Housing justice champions adapt together at the third Challenge Grant convening

Hi, I’m Evita Chávez, and I just joined the San Francisco Foundation as Associate Initiative Officer for Partnership for the Bay’s Future. I had the privilege of beginning my tenure in this position by attending the third quarterly convening for the Partnership’s Challenge Grants, where members of the Partnership had the opportunity to share with and learn from each other. The quarterly convenings are an invaluable opportunity to gather with thought leaders from throughout the Bay Area and discuss approaches to the region’s historic housing crisis. This year, it is especially important to have a space for these minds to come together as the Covid-19 pandemic continues to elevate the urgency and foundational importance of access to safe, affordable housing.

The consequences of insecure housing on health have cost thousands of lives, forcing many to choose between paying for medical care versus paying for rent. A recent study found that 54% of cost-burdened renters delay care due to costs, with 83% of renters prioritizing paying rent before anything else. Housing Pulse Survey data reports that over 1.2 million Californians are currently behind on rent, a bitter reality for the half of all renters in San Francisco and the East Bay who have lost income during the pandemic. Support for renters has had to move almost entirely online as a result of the pandemic, creating new obstacles to access as many struggle to access internet.

The Challenge Grants quarterly convening provided a space for folks to share what they have learned this year and to meet others who are doing similar work. In a year where we have all learned to live at a distance, the convening provided a space to connect people, ideas, and practices.

I was struck by the overall positivity and optimism of the group. This optimism was supported by a strong camaraderie amongst the participants and deep commitment to housing justice. People seemed genuinely happy to see each other and to hear ideas, with hosts of panels happily exclaiming names of folks who entered the Zoom room. The ends of presentations were met with a flurry of questions, especially asking if materials could be shared within the Partnership and then publicly. Breakout groups were filled with smiles and deep conversation, led by intelligent questions from folks familiar with each other’s work. I took rigorous notes, trying to collect as much of the rich information as I could. I was truly drinking from the firehose, but I savored every second. Continuing in the spirit of communal sharing and learning, I am excited to write about the convening here.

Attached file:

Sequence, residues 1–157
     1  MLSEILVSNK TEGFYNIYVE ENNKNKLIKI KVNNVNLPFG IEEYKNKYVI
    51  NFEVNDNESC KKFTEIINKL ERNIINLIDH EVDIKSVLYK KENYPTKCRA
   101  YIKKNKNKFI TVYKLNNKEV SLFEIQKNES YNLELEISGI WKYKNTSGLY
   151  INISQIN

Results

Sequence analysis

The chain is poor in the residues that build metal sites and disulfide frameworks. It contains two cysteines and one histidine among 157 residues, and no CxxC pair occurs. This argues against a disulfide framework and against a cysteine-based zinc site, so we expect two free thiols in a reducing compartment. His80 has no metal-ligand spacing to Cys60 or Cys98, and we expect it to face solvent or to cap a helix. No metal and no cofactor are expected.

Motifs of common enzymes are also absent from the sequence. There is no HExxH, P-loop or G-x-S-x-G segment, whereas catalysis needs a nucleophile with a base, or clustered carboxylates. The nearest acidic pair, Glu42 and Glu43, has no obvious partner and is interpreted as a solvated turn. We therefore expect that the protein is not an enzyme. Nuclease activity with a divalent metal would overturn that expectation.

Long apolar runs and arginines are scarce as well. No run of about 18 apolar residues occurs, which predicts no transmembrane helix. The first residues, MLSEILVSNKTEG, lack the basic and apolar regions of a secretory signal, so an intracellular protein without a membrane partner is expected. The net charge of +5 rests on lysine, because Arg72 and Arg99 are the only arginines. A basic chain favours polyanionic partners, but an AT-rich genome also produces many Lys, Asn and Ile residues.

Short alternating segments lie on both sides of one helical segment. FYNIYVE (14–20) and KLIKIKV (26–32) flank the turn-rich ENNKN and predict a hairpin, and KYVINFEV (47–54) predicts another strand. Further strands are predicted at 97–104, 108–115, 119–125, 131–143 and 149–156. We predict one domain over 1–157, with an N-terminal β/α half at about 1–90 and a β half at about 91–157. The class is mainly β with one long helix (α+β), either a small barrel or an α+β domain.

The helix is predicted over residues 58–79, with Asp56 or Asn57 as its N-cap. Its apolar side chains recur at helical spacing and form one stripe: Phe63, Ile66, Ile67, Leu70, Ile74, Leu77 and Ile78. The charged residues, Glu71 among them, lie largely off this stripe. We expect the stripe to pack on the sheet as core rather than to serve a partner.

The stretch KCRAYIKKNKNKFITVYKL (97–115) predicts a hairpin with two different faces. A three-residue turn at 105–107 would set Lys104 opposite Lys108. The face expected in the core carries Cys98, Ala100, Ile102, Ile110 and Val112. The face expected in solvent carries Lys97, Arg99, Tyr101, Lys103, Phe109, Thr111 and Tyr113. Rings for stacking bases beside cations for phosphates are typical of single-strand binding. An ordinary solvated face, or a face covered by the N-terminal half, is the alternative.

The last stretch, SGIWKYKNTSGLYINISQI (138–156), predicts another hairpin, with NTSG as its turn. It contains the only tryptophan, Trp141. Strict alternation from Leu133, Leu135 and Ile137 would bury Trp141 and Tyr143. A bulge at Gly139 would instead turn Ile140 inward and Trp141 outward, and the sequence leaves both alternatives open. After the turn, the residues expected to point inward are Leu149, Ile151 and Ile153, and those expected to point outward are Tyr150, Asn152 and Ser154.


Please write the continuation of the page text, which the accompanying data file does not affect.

The stated goals of this meeting, the third convening of the Partnership’s Challenge Grant recipients, were threefold: 1) to share regional perspectives on the state of housing during the Covid-19 pandemic, 2) to learn about and share best practices for community engagement virtually and at a distance, and 3) to share and learn about opportunities and challenges to advancing effective tenant protection and preservation strategies. A common word in these conversations was “adaptive,” used not only to celebrate the adaptations these convenings have had to make since the first meeting in March, but also in regard to the work members of the Partnership have been doing on the ground over the past six months and to the public narrative shift around housing as the pandemic has elevated understanding of access to housing as a lever for health equity.